“..you are not your f!@* khakis”

“You are not your job. You’re not how much money you have in the bank. You are not the car you drive. You’re not the contents of your wallet. You are not your f’n khakis” (Palanhiuk. Fight Club)

Why do we accumulate ‘stuff’?

One side of the argument is that we have intrinsic identities that we build upon using various cultural and social factors, the other – that we already know what kind of identity we want to take on (we have an image in mind, an image usually supplied by popular culture and mass media) and we are constantly pursuing it. We can acquire it through consumption, personal development, education, culture, career, community, and assorted lifestyle choices – which all carry a label so that we can be more easily ‘defined’ by the rest of the society.

But does this continuous consumption, then, become a method of substitute for the genuine development of self or, on the contrary, is consumption used to reinforce cultural traits, thus making it more difficult for instinctual/ intrinsic desires, if any indeed do exist, to find acceptable outlets? 

In this day and age, our spending habits dictate our lifestyle choices, which are in no way simply based on survival and necessity any longer.

Shoppers argue that objects they buy provide them with some form of pleasure – they derive emotional value from it, and so they surround themselves with these objects, taking great pride in their possessions and arguing that their happiness and joy are generated from these belongings.

There are differences in how and what we consume, and those differences are manifested in polarity between the tastes of luxury or freedom, and the tastes of necessity, that is to say, our greed. The meaning and the primary function of consumption – to satisfy a need or an urge –  is lost when we purchase products. What is gained is simply the ability to compete with peers based on our choice of products, contributing to our rank, status, and reputation in the society. And it’s an endless competition.

Often we associate products with a certain style – style signifying a manner of behaviour or a particular movement. Style has become the official representation of the marketplace, as much as the marketplace is symbolised by the variety of styles or choices.

To stand out from the rest of the society, to attract attention and regard, to be recognised and accepted – are some of the major incentives for shaping a certain image associated with whatever identity one pursues. Exactly pursues, not develops (a consumer pursues, a non-consumer develops/ draws from within).

Furthermore, style has become a significant element of power, inextricably woven into the fabric of social, political, and economic life, blurring the lines between them, just as it is blurring the lines between consumerist identity and personal identity.

So, then, how is this identity formed?

Do we acquire it through tastes, choices, preferences, and experiences?

Part of a series on consumerism and identity and conscious consumption, inspired by UNEP’s World Environment Day campaign. 

In developed and developing countries, people are acquiring much more than what they actually need and therefore producing an enormous amount of waste.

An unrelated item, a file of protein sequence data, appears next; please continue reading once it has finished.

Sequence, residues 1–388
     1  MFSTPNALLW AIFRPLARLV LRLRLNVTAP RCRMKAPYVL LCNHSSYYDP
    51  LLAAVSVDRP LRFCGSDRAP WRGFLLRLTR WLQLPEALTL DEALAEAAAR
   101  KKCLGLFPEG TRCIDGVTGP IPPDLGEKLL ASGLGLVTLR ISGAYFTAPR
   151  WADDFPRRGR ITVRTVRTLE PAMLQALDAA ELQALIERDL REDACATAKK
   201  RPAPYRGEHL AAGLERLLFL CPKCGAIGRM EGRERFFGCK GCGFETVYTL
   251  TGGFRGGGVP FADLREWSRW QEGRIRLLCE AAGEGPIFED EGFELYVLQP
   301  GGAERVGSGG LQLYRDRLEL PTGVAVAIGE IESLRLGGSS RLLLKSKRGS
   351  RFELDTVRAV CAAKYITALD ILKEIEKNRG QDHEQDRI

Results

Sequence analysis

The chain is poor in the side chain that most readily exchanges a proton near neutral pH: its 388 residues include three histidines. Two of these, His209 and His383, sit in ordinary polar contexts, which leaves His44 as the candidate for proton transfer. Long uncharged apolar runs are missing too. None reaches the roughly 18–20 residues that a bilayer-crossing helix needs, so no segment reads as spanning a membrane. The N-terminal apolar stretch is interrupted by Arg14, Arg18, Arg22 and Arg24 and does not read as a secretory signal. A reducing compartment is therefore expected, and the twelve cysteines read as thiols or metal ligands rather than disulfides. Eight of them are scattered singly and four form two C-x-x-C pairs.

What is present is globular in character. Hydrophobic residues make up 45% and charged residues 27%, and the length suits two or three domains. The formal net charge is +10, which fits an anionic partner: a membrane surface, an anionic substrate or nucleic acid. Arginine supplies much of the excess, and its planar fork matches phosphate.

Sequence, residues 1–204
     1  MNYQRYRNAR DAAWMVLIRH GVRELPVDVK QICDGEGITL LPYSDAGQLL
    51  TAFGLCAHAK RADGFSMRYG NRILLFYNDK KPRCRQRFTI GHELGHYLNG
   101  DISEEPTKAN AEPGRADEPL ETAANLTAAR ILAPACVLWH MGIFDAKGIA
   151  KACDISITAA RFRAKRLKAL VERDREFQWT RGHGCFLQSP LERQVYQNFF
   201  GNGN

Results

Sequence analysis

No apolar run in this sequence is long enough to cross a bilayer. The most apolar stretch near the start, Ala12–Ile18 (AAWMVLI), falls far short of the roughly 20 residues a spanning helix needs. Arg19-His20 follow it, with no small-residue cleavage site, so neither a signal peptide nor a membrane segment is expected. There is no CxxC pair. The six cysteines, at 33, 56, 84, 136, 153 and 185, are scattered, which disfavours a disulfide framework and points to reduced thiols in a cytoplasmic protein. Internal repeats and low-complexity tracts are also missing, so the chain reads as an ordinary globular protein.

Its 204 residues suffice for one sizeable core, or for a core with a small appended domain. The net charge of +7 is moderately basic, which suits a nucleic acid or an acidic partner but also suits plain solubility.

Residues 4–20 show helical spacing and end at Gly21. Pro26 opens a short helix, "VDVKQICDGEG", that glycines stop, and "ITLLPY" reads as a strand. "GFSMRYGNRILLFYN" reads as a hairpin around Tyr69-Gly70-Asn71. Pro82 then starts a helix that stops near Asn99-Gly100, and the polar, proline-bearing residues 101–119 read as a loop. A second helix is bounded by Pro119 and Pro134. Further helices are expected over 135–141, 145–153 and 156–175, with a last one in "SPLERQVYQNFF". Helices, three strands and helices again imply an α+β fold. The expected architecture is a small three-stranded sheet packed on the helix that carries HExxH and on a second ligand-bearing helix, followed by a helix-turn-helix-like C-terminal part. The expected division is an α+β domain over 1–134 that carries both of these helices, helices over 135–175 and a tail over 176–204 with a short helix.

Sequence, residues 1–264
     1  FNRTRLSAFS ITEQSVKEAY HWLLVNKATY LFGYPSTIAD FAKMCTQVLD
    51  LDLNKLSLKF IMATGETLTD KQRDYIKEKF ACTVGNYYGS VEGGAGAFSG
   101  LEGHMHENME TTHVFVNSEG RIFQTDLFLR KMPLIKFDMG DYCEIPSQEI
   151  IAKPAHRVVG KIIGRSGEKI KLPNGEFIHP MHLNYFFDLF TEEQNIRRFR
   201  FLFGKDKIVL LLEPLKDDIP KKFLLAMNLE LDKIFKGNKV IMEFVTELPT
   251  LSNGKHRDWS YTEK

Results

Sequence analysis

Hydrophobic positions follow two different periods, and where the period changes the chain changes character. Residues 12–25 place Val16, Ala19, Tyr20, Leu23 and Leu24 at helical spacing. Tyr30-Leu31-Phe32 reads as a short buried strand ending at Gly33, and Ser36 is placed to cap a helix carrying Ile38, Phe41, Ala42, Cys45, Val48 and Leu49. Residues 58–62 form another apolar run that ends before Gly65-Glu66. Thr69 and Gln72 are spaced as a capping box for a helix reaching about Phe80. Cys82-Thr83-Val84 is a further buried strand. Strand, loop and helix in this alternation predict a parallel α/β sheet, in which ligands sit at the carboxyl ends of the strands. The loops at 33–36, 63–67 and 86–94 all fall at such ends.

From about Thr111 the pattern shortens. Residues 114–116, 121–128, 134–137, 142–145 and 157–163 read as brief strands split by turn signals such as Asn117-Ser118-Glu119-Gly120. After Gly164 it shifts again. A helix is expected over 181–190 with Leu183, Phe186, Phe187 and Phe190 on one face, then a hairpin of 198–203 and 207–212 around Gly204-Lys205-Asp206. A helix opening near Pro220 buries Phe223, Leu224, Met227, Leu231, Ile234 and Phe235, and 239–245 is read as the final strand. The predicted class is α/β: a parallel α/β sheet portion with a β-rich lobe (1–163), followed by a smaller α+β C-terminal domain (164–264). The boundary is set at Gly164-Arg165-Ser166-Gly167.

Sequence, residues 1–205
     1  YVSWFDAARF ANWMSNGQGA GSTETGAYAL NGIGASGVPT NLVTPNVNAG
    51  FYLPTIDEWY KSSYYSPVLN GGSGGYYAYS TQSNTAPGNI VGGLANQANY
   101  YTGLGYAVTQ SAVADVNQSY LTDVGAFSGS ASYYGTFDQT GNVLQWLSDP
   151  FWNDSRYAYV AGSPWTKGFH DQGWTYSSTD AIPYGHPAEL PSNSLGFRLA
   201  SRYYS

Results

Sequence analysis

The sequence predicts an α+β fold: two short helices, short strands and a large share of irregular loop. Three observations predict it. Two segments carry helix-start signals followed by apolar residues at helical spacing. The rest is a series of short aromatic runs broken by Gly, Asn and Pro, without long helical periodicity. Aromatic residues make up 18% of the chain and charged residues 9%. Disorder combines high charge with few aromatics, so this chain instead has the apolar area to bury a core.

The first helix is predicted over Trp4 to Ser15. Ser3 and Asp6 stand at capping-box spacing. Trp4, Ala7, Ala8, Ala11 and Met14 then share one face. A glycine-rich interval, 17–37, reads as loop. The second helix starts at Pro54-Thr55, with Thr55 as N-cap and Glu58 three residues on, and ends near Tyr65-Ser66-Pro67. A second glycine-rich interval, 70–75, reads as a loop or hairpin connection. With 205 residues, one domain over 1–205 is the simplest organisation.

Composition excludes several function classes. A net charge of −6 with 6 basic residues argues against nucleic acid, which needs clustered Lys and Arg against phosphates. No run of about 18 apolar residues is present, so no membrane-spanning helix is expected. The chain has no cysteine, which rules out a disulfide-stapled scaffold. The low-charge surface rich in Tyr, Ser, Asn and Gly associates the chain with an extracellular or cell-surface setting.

Orient your action for World Environment Day this year to an activity that promotes sustainable consumption and be the one to reshape our future!

 

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5 thoughts on ““..you are not your f!@* khakis”

  1. That’s true, electronic waste and cyber space are also cluttered. There are servers somewhere that all this is stored in. The world, in general, needs the volume turned down a bit.

  2. What can be argued here is the way the “stuff” is pursued. Are we against collecting and piling up physical stuff? In order to reduce waste, to save the earth, to educate masses…..Or are we against (over) consuming in general? What is the name for electronic consumerism? Some folks do buy books to hold in their hands when reading, because they also like the smell of the paper, the texture of the pages. On the other side, kobo & kindle book-lovers continue to buy, and buy, and buy books they love to read without turning paper pages, but are piling some cyber space with electronic waste….

  3. Pingback: “..you are not your f!@* khakis” : Living Green Magazine

  4. I’m down!
    thanks (:

    and you’re right, it starts early on. Can’t believe the kit kids have these days. I got my first cell-phone when I was 20. And got rid of it 8 years later.

  5. good question: the acquisition of identify one. You addressed the challenge of standing out in an increasingly crowded society, the flag waving of “Me, Me,….Me”. Unfortunately we are conditioned from early age via the infamous show and tell of kindergarten to bring our things, our stuffs, our toys, our……shit, to the classroom to compete with the other Johnnies and Marys via our consumptions. This goes on and on all the way to the “that’ll show ’em”, $20,000 coffin of expensive brass and threatened hardwoods.

    So the answer to your query is……..education.

    p.s. I love the way you are addressing consumerism in these last few posts. Excess, non-essential pollution needs to be disdained for the criminality that it represents……I want YOU on my team.

    affectionately,

    ashley

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